For the last two weeks North Korea watchers have been much pre-occupied with what can be described as the “Shin Dong-hyuk affair.” At least some suspicions had been confirmed when Shin suddenly admitted what many had hitherto suspected: he did not spend most of his life in the total control zone of the notorious Camp 14; rather, Shin was an inmate of the more liberal Camp 18 (at least for a few years). As Shin in the last few years had emerged as the most promoted refugee worldwide, this admission changes much.
Shin’s admission, in particular, is more damaging because the best-selling book Escape from Camp 14, authored by Blaine Harden, had Shin’s story as its basis. Now the book looks far less reliable, even if we assume that Shin is not hiding anything else. His admissions still warrant a near-complete rewriting of the book, since he, for some still-unknown reasons, chose to lie about some of the important consequences of his imprisonment.
The Shin Dong-hyuk affair should not be taken lightly because it reminds us of the many challenges that North Korean defectors and their supporters face in the modern media world.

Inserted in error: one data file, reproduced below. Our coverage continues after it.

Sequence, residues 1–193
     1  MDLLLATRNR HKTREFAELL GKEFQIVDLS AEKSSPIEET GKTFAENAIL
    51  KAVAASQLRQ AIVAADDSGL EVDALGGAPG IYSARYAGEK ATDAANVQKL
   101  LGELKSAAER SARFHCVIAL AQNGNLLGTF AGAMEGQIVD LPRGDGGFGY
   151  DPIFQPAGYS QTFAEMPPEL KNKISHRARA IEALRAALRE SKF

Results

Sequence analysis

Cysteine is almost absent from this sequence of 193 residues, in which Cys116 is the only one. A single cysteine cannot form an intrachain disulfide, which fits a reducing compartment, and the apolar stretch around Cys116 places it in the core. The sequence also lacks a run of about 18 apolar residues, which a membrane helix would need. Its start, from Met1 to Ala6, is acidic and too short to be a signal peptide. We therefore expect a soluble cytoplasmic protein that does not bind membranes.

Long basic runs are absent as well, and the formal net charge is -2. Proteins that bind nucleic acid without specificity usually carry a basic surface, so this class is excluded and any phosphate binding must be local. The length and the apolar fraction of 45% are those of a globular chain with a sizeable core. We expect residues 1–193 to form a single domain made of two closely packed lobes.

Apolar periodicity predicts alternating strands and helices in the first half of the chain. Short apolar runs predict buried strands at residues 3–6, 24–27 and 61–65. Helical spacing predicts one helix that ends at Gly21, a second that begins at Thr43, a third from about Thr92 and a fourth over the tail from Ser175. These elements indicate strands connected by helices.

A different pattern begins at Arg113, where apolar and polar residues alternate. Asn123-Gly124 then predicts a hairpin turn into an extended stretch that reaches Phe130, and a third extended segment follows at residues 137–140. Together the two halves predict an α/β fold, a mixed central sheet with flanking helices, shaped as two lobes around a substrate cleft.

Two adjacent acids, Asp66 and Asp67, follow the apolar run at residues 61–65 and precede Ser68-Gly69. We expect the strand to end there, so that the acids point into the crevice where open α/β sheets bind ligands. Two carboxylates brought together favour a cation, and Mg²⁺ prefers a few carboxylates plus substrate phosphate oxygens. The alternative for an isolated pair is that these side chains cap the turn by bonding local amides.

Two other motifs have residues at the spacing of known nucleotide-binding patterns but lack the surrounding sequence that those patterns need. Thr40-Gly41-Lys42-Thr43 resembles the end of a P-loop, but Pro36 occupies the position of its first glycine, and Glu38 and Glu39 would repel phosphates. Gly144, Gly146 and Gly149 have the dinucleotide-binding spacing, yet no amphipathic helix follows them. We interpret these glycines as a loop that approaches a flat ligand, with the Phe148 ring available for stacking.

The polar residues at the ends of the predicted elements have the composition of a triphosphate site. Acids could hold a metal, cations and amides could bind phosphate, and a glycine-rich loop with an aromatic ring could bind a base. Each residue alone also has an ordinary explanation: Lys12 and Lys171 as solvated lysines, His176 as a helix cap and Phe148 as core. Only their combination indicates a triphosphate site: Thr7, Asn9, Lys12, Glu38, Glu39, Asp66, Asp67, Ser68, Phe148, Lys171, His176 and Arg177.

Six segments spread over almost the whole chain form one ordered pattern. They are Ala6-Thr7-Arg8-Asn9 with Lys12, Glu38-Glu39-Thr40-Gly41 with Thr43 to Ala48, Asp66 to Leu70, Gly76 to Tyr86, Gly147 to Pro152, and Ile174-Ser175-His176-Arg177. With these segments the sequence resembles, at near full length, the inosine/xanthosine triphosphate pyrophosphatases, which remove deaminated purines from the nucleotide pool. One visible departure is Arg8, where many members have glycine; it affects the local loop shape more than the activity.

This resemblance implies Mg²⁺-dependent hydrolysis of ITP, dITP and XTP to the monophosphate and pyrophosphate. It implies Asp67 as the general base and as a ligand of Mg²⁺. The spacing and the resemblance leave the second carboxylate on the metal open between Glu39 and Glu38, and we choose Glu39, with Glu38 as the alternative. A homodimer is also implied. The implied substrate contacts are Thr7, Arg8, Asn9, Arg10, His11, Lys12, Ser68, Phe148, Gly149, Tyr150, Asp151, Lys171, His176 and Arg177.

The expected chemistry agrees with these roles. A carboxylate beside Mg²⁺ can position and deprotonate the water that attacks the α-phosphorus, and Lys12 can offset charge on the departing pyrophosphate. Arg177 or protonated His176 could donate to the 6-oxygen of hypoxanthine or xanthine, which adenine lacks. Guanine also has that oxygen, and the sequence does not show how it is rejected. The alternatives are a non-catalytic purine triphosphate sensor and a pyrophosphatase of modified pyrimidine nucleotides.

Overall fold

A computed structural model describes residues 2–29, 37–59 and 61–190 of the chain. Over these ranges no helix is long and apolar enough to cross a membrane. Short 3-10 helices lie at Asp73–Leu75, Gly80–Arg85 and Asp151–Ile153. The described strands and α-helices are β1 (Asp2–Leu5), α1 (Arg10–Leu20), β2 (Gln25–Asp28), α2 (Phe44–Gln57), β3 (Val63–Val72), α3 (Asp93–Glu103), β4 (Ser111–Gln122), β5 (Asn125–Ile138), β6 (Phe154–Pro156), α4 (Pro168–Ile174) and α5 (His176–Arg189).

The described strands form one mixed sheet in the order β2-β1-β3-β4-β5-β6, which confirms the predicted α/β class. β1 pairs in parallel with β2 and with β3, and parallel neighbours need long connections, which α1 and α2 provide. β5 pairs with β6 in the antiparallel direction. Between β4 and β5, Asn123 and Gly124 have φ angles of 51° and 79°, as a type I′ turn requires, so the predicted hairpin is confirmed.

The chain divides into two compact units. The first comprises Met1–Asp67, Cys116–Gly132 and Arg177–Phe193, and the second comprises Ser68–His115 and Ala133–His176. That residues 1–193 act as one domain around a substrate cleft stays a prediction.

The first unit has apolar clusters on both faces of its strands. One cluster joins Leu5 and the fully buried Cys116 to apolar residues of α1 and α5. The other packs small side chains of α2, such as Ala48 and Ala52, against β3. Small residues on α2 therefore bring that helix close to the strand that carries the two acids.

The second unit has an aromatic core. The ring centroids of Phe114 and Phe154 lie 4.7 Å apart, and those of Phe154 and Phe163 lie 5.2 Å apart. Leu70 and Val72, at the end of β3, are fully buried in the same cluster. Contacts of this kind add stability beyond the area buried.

The real story of the average North Korean refugee is depressing, but hardly dramatic enough for the average media audience. This is a story of daily surveillance, hunger, destitution and humiliation, usually followed by a risky escape to China, where more humiliation and back-breaking work (but not hunger) waits for a desperate border crosser. While political concerns increasingly play a role in defection, such considerations remain rather marginal, and most of these people are motivated by simple dreams of a better material life. There is nothing wrong with such aspirations, which are common to most people worldwide. But for many Western middle class intellectuals, such material concerns appear rather vulgar and insufficiently lofty – and we should not forget these are the people who determine what much of the world’s media focuses upon.